Heavens, are we not all sufficiently grown up to enable us to decide for ourselves whether or not to further investigate a particular recording?
Part of my doubts about this - to my mind rather silly - label is that there are no clear criteria for determining what is, and what isn't, 'recommended'. Is it the work in question, or the performance of it, or its actual recording, or even other features of the 'product' (e.g. are the accompanying notes useful or illuminating or plain mundane, clearly printed, and in English etc)? These are all very different things, and I suspect that a 'recommended' label will simply fudge over them.
And what happens in the case of a recording of a work that is especially interesting on account of the performance but not its recording? For example, the current review of a Pristine Audio recording of Beethoven symphonies conducted by Mengelberg and Weingartner in 1926 and 1936. The reviewer here applauds this disc for providing "a fascinating look at bygone performance styles". The record company has clearly also done an excellent job of improving as best they can of such a vintage recording. But clearly the sound of such a recording is grossly inferior to a superbly recorded performance by the latest whizz kid on the podium. Does it not then fail to qualify as 'recommended' in spite of the fascination it provides?
And what of a truly sumptuous recording of a work where the actual performance of it is as dull as ditchwater? How do you propose to label that?
I also have concerns about a release of a hitherto unrecorded work where the performers, perhaps because there is no performance history, tend to play it safe? For example, the recent Dante Quartet recordings of the Stanford string quartets. I let out a loud whoopee when I first saw news of these recordings, and bought both discs on the day of their release. Hugely welcome they are and both very well played and recorded. However (and I say it reluctantly) maybe I would hesitate to label them 'recommended' because I can imagine in a few years time another quartet might come along (or the Dante Quartet on a return visit) and record a performance of the pieces that brings out features that the Dante didn't quite succeed in bringing out in these hugely welcome first recordings. And if the Dante recordings were given a 'recommended' would that label then be withdrawn if another more pleasing recording emerged?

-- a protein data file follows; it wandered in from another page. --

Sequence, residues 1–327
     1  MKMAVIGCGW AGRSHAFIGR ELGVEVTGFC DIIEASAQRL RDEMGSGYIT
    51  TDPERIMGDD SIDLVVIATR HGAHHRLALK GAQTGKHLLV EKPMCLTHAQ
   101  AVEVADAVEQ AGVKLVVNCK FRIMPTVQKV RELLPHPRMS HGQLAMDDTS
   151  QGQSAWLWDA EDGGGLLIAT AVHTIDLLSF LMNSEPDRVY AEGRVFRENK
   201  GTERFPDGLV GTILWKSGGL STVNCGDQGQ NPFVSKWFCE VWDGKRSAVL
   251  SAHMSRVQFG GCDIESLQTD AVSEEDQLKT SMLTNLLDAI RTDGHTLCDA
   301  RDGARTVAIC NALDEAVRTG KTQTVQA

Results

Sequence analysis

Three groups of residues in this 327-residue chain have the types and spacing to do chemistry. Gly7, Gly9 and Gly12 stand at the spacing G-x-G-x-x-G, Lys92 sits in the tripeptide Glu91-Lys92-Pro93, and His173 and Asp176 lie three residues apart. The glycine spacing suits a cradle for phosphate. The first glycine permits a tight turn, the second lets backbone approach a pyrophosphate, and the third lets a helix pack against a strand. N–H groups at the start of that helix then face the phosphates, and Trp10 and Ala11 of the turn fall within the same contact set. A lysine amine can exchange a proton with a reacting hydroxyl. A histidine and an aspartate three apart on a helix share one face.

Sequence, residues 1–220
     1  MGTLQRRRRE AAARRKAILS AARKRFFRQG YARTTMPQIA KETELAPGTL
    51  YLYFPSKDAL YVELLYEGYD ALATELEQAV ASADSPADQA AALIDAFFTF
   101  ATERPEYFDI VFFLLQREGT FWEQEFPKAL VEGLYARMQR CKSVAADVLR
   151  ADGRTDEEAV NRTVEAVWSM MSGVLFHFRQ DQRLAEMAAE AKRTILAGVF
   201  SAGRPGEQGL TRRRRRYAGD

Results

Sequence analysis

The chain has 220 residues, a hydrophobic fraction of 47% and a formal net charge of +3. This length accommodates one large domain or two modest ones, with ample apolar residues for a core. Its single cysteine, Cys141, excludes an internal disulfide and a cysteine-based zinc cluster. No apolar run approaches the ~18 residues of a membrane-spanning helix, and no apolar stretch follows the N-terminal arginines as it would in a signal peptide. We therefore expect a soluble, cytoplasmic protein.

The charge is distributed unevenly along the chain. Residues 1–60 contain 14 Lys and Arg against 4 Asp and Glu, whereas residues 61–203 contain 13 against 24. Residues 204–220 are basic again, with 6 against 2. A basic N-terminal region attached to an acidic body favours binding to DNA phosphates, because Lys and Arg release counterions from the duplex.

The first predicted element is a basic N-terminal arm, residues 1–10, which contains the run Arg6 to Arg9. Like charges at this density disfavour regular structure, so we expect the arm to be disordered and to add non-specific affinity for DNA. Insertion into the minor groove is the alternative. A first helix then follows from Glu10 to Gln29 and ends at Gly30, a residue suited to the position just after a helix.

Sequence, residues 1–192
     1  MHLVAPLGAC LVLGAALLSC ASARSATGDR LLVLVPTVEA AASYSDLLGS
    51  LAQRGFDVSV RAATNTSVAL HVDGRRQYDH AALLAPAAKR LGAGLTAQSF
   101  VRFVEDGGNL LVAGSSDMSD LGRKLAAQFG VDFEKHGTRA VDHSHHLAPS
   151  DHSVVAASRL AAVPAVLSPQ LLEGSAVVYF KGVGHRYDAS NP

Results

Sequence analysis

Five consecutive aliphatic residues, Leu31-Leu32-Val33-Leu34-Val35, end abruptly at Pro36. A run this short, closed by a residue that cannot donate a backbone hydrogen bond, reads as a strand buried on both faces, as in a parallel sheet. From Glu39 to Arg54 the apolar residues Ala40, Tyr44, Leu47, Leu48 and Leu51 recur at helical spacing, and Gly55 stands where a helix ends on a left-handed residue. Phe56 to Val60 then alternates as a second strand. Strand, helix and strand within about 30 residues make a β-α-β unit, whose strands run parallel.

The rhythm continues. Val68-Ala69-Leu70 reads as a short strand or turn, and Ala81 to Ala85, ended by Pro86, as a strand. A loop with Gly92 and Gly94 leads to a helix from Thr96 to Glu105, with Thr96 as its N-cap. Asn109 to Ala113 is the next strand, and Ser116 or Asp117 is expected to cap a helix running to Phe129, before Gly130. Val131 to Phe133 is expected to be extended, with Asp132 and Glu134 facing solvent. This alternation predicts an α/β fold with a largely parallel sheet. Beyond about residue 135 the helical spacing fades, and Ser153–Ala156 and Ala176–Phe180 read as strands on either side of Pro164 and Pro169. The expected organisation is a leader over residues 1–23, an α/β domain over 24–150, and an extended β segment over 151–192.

What does give me some pain to think about is that our record companies struggle to sell sufficient copies of a CD to recover their costs, and if a recording doesn't achieve this mysterious 'recommended' status then the proverbial man on the Clapham omnibus, eager to fill his shelves with 'recommended' recordings, won't feel inclined to buy it. And then the number of new recordings will steadily dwindle down to a smaller number of allegedly 'recommended' recordings of probably very familiar works. I'd be interested to learn whether MusicWeb has sounded out record companies over this proposal. If, for example, I was Mr Lyrita I would be quite aghast at the idea of some recordings being labelled 'recommended' - all those many Richard Itter recordings of British music are of inestimable worth, but because of the nature of the original recording, many of them couldn't be truly said to be 'recommended' as recordings.
Enough said. We don't, I submit, need a 'recommended' label, and the label itself is surrounded by considerable fog. Just what does the label 'recommended' actually add to what the reviewer - and MusicWeb is fortunate to have high standards of reviewing - has already written in her or his review? Aren't we all sufficiently grown up to determine our own judgments on the worth of a recording in the light of what the reviewer has written?
Thank you for taking part in the MusicWeb International Forum.
Len Mullenger - Founder of MusicWeb